I am coping but I am not coping well.  My coping strategies are not healthy ones.  My thoughts are not always reasonable ones.  My attempts to thwart the thoughts are often thwarted.

I drink to drown the dreams that died of drink, is a thought that cropped up in my head one day on the Tube.

And so, I have been trying to come up with something positive.  This is what I have come up with:

I am strong.  I may not feel it (I often don’t feel it) but I am.  I have an unwavering drive to survive, despite not wanting to at times.  I make efforts to stay safe, even when staying safe seems the least viable option.  I struggle… but to struggle is better than to give up.  I think of all the times I “failed” to die and try to see them not as failures but as successes: I am alive.  That is beautiful and I cannot dispute that.  I think of the relationship I am in, of how wonderful it is, how I have fought to maintain it. I block out the memories of past disasters, to be dealt with a later time.

So for all that I feel weak by being triggered, and by hearing the thoughts that call me useless and pathetic, I have to remember that to mainly resist the triggers takes a strength I do not always realise I have.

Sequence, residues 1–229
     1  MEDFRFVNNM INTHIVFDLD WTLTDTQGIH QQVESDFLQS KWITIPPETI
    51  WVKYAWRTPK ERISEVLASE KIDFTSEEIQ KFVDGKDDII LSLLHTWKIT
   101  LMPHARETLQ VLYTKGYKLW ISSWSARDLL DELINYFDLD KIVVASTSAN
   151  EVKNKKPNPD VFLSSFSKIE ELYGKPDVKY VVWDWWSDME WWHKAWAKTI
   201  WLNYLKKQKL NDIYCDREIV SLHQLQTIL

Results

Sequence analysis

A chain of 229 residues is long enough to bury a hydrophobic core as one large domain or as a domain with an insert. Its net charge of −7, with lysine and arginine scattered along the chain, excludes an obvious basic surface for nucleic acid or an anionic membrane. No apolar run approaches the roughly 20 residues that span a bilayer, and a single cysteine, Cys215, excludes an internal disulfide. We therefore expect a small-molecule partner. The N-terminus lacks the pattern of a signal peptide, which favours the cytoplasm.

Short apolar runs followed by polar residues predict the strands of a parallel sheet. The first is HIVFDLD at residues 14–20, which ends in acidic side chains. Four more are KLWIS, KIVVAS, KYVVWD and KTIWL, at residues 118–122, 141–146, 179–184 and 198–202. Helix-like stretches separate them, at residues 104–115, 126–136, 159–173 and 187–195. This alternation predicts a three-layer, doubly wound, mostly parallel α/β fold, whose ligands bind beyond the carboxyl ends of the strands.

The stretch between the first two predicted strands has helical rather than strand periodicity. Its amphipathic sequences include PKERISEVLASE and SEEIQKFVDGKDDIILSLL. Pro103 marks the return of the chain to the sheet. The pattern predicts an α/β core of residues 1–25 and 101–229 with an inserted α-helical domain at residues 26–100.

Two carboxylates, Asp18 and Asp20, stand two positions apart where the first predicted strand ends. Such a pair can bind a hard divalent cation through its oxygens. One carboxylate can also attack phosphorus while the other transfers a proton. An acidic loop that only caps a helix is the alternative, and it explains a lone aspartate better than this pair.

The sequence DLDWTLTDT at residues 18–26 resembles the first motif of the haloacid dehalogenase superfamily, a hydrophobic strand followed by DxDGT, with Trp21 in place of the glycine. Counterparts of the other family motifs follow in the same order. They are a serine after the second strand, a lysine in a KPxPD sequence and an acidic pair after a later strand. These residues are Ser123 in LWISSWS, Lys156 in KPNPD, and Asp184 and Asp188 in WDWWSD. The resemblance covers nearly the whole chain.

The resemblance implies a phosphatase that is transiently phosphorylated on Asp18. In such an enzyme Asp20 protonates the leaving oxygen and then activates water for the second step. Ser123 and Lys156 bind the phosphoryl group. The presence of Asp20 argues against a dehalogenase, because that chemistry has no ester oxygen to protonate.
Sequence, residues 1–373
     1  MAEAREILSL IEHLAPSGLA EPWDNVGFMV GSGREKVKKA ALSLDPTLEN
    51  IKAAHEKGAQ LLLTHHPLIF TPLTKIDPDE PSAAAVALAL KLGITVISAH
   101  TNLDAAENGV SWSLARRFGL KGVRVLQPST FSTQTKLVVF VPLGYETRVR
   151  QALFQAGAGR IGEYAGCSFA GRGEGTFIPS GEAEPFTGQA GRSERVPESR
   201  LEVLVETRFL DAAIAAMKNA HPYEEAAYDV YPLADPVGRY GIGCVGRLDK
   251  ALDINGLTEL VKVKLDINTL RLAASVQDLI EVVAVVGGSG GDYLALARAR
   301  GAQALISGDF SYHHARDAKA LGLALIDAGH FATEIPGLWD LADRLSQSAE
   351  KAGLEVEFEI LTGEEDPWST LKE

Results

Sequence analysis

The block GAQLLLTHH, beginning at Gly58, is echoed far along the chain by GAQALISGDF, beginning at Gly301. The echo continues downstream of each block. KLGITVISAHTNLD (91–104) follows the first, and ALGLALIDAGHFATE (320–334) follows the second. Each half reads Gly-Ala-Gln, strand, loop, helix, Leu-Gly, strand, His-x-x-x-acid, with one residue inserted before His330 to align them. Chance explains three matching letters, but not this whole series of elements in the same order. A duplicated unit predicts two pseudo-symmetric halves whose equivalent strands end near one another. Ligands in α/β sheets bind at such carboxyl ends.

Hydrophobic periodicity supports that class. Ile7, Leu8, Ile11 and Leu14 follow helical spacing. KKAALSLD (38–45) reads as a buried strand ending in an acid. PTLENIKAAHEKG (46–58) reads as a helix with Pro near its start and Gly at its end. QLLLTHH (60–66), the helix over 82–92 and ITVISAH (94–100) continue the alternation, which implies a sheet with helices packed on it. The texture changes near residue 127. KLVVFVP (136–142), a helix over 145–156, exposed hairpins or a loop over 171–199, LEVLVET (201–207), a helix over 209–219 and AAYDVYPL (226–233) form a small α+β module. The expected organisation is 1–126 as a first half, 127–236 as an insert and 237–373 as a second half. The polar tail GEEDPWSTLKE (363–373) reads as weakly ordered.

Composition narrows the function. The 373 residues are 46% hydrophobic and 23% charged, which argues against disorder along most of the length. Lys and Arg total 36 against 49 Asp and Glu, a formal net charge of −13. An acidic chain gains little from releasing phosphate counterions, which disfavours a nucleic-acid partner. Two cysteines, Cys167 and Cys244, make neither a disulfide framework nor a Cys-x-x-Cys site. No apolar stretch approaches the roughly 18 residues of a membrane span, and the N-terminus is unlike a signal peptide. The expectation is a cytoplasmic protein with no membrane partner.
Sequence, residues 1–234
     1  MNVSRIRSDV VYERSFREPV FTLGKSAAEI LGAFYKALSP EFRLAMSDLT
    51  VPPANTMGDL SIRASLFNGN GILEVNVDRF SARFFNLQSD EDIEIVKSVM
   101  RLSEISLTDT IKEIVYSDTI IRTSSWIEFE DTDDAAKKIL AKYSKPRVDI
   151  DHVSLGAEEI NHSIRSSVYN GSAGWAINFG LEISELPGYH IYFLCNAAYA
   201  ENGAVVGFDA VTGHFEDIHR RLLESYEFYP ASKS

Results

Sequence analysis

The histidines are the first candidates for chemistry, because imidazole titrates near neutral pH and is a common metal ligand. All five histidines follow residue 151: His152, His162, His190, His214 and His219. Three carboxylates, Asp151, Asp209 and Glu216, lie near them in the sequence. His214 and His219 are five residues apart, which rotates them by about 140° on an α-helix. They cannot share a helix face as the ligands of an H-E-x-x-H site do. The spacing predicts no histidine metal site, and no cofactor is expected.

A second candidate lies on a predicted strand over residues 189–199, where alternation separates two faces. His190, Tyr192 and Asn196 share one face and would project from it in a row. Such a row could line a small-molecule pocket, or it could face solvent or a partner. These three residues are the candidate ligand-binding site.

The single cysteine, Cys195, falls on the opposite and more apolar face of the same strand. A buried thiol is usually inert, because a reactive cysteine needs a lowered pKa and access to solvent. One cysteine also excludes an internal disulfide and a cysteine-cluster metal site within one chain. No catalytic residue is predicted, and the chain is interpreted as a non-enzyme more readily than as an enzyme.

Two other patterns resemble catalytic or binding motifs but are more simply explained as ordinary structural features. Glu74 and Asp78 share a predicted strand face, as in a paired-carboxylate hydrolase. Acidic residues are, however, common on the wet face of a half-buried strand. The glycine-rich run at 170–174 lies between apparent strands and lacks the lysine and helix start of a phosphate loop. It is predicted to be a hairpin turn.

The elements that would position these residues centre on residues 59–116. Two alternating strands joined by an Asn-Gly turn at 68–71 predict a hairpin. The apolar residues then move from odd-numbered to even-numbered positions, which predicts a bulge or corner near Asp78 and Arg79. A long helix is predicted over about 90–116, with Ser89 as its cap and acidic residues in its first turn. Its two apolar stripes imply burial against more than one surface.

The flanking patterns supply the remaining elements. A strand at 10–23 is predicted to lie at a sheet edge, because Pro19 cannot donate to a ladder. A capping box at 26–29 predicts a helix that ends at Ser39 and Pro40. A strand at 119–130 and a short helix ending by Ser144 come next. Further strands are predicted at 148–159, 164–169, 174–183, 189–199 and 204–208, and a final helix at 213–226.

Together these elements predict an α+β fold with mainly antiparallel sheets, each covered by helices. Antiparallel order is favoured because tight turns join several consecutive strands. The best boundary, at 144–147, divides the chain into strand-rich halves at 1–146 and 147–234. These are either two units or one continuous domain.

I need to try to hold onto that.

The Politics of Scars


At work, I keep myself covered up.  Still, there are the occasions when my sleeves slip up and I wonder whether anyone- staff or resident- has noticed.  Nobody has ever said anything but I have my defensive responses at the ready:

What do you think happened?
Well you know [insert resident name]?  I used to do the same.
It’s nothing to do with you.
I did battle with a tiger.
[burst into tears]
It’s a long, boring story.

I have no idea, if it came to it, which of these things I would say or do.  I also have no idea what the response would be.  There would probably a lot of “whys” and so on.  Probably a lot of judgement, too.  You would think that there was less judgement when working with people with mental health problems.  There isn’t.  My workplace is as judgemental as any other place. Sometimes more so.